The Story of a Prostitute
There’s a beautiful story in Srimad Bhagavatam. Impressed by his knowledge, King Yadu enquires an avadhuta, an enlightened master, about his guru who answers that he had many gurus including a prostitute.
“A Prostitute?” the king scorned.
“Yes, why not?” The avadhuta said. “Hear what I learned from her.” And he went onto narrate the story of Pingala.
Pingala was a glamorous courtesan in the ancient city of Videha. With her red lips like freshly-cut strawberries, beautiful, buxom and seductive, she smelled of exotic flowers. Her sight was enough to evoke desire. Indeed, her stunning beauty was the reason why she was made courtesan at the first place, for the kings and powerful merchants would otherwise break into fights over her. Pingala enjoyed royal patronage unlike any other courtesan in the country.
Through the years, she had learned to practice the craft of love with the same detachment as a doctor’s towards her patient. And yet, as is the way of love — mysterious and unreasonable, she lost her heart to a prince. The young prince promised to visit her on a certain date.
Pingala turned away all other patrons on one excuse or another that day. She took a long beauty bath, had herself anointed with various unguents and herbal packs. Carefully, she had her hair plaid with mowgra, jasmine and other flower buds. She donned her crimson red saree made from the finest silk. Her forehead, ears, neck, wrists, ankles were adorned with expensive ornaments of gold, ruby, emerald and diamonds. One could easily mistake her for an empress.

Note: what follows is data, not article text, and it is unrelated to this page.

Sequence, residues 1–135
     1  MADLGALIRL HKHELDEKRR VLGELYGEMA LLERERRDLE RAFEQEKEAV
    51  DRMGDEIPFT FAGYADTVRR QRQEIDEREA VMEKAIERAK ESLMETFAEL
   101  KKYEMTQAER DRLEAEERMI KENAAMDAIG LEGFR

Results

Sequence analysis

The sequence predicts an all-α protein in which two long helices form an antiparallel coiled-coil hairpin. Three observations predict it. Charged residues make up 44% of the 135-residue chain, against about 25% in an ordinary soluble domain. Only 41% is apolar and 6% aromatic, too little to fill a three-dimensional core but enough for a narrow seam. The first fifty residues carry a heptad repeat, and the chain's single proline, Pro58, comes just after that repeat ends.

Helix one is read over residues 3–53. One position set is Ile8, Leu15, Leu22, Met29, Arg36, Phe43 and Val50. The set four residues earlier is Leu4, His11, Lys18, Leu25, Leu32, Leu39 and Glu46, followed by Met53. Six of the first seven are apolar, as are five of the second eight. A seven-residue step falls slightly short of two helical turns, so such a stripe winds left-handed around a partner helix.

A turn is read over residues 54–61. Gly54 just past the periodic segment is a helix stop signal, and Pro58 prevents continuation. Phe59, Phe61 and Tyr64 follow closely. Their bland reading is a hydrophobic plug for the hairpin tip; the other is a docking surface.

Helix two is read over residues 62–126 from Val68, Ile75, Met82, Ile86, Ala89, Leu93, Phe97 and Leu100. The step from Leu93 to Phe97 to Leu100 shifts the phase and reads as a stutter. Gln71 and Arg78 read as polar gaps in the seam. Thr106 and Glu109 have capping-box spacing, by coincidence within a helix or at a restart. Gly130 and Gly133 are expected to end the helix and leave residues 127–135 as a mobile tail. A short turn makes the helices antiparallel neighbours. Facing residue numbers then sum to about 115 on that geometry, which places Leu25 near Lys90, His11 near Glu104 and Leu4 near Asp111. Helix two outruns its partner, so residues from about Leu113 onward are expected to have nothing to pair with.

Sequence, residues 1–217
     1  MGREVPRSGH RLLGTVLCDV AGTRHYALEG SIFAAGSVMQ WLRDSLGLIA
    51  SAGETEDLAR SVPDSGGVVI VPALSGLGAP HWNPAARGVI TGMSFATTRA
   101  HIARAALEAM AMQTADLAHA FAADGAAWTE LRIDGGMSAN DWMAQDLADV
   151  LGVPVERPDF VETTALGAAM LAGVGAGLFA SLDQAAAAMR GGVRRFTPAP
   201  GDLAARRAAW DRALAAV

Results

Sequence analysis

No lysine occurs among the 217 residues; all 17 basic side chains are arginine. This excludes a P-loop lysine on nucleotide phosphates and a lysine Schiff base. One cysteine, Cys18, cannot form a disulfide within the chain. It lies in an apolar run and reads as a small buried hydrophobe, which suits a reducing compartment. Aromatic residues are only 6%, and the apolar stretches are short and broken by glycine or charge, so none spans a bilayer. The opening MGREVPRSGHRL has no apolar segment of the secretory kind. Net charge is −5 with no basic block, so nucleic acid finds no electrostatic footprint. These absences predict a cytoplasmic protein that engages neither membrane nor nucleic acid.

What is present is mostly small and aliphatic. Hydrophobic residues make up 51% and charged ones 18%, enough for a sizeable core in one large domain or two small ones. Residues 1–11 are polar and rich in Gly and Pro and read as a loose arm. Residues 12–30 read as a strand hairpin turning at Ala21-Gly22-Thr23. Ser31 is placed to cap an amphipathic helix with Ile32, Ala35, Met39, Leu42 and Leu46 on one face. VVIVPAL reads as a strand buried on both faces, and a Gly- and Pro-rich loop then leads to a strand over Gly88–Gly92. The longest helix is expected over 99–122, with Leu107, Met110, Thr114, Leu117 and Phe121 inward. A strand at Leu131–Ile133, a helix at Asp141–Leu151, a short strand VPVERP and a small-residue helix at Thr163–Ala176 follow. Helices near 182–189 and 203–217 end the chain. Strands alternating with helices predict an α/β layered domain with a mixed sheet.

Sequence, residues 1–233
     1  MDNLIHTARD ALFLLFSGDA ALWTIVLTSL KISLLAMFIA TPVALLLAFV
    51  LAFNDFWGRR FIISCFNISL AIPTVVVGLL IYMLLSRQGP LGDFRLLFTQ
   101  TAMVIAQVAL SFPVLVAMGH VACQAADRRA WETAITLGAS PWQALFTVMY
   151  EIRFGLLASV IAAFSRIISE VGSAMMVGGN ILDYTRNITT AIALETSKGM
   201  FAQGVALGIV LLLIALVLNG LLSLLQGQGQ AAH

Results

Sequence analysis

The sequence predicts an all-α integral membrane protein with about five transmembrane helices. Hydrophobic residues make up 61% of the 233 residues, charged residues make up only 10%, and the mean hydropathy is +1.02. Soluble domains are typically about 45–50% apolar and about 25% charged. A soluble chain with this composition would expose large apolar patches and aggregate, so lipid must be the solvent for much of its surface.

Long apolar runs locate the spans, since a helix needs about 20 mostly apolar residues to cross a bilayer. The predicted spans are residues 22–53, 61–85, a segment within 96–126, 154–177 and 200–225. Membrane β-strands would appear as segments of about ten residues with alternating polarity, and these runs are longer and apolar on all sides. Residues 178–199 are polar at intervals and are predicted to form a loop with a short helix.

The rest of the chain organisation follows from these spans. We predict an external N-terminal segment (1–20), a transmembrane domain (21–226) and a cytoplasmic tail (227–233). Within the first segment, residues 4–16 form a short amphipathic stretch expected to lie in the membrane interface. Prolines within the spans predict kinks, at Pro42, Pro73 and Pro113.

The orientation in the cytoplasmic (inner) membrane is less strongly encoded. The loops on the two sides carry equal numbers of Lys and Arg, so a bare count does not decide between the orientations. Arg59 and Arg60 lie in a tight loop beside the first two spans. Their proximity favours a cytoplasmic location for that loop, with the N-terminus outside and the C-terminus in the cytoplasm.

All decked up and ready, she eagerly waited for her prince, to be in his loving embrace and see him from up close. Afternoon was fading away into dusk but the prince didn’t show up. Meanwhile, many men who came to seek her favors were turned away. There was only one person she wanted to see. Feelings of loyalty and love washed away all other desires in her heart and she just wanted to belong to the prince.
Every few minutes, her anklets would tinkle, her fineries would chime as she would run to the gates to find out if the prince showed up or if accidentally the guards might have barred his entry. She would chastise them to be more watchful. She would peep through to see every palanquin and every chariot with great anticipation. Maybe this was the prince, she would think. Even her handmaids were surprised to see their mistress so anxious. To keep her mouth fresh and red, she didn’t eat the whole day and only chewed betel leaves.
Twilight turned to darkness as the night thickened. Pingala lost her appetite and she was getting more desperate by the moment. Stars started twinkling here and there in the sky. A few more hours passed, full moon had appeared along with some more stars. The crickets were clittering and the chakora bird would sing every now and then making a long mating call. The wait and love in Pingala’s heart was alive as ever but there was no sign of the prince.
She spent the whole night awake, her eyes grew tired, countless times Pingala had adjusted her dress and embellishments. Tens of times she saw herself in the mirror and redid her makeup. Many times, she sprinkled fragrance on her self. All to make it perfect when the prince arrived. But he never did. The flower buds in her hair were wilting away, brownish tinge appeared on the fair jasmine flowers.